“The World Jewish Congress deplores these despicable attacks, and stands in solidarity with the Jewish community and the people of Denmark,” said Lauder of the shooting at a synagogue in central Copenhagen, in which a civilian was killed and two police officers were injured, and an earlier attack. The synagogue shooting took place shortly after an earlier attack at a Copenhagen café where a Swedish artist who had produce caricatures of the prophet Mohammed was speaking at an event on freedom of speech. One person was killed and three police officers were injured in that attack. It is not yet clear if the two incidents were connected.
“We are confident the Danish government will take all necessary measures to bring those responsible for these attacks to justice, and we urge them to help secure the local Jewish community against anti-Semitic violence,” Lauder said.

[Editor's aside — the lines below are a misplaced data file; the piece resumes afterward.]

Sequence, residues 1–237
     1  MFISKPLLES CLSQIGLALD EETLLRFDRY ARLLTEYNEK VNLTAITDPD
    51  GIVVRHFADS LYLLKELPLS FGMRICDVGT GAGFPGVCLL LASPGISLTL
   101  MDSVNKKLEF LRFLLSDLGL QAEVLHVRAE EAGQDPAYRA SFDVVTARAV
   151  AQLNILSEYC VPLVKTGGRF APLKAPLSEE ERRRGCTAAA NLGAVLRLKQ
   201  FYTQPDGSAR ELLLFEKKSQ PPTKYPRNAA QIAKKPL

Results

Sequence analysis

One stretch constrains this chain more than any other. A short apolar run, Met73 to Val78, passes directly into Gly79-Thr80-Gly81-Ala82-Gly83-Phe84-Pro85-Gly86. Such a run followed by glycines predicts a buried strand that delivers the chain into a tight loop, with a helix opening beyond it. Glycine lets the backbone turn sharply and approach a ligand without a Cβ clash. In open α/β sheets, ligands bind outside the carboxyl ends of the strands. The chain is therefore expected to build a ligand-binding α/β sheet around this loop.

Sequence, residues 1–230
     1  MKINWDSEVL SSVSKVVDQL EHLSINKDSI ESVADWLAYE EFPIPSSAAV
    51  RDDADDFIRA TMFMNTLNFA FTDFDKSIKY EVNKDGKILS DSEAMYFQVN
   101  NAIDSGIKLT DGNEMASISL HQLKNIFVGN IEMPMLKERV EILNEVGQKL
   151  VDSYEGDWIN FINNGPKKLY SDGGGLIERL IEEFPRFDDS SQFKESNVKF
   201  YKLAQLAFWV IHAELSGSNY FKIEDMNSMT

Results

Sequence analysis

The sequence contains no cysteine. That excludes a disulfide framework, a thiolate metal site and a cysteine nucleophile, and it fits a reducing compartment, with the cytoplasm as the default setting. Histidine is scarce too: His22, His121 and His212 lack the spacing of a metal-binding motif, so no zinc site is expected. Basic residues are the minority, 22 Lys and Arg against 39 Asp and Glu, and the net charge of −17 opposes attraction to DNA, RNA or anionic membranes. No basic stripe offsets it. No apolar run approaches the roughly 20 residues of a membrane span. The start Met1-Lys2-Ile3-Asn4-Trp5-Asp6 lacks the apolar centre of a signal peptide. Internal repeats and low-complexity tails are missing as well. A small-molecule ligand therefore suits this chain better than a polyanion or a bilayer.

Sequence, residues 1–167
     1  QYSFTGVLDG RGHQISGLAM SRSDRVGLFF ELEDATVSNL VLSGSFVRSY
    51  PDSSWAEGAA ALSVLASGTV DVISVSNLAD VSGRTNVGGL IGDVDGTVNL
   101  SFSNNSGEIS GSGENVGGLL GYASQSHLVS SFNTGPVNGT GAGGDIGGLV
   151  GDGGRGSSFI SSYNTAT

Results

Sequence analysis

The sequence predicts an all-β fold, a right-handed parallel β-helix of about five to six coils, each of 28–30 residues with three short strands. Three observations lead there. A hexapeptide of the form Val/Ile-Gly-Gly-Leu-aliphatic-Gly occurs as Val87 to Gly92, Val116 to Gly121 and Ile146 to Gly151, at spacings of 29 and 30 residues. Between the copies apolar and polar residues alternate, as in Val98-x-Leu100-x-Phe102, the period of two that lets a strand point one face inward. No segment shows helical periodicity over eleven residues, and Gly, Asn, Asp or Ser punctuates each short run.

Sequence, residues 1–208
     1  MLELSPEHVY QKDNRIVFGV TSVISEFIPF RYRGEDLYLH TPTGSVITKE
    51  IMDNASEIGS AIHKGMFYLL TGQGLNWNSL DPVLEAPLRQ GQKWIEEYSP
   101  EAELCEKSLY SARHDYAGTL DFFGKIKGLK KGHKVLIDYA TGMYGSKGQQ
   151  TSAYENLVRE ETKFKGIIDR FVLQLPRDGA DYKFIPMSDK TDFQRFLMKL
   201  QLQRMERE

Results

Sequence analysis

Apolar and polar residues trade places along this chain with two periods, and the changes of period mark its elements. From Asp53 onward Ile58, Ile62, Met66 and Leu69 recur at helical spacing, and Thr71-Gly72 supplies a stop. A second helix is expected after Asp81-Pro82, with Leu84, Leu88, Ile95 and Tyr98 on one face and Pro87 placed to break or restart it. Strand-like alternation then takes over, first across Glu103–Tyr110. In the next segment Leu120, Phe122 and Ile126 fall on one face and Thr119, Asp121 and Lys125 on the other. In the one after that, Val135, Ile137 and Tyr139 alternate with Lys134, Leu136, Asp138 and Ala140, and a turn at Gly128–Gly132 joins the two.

“These attacks in Copenhagen follow the similar, brutal targeting of Jews and others in Paris and across Europe,” Lauder added. “European governments should recognize that we are facing a vicious new wave of anti-Semitism and violence. It is crucial that Europe contends with this growing threat.”
World Jewish Congress CEO Robert Singer visited Copenhagen late last year and discussed with Danish authorities the importance of heightening security measures for the local Jewish community.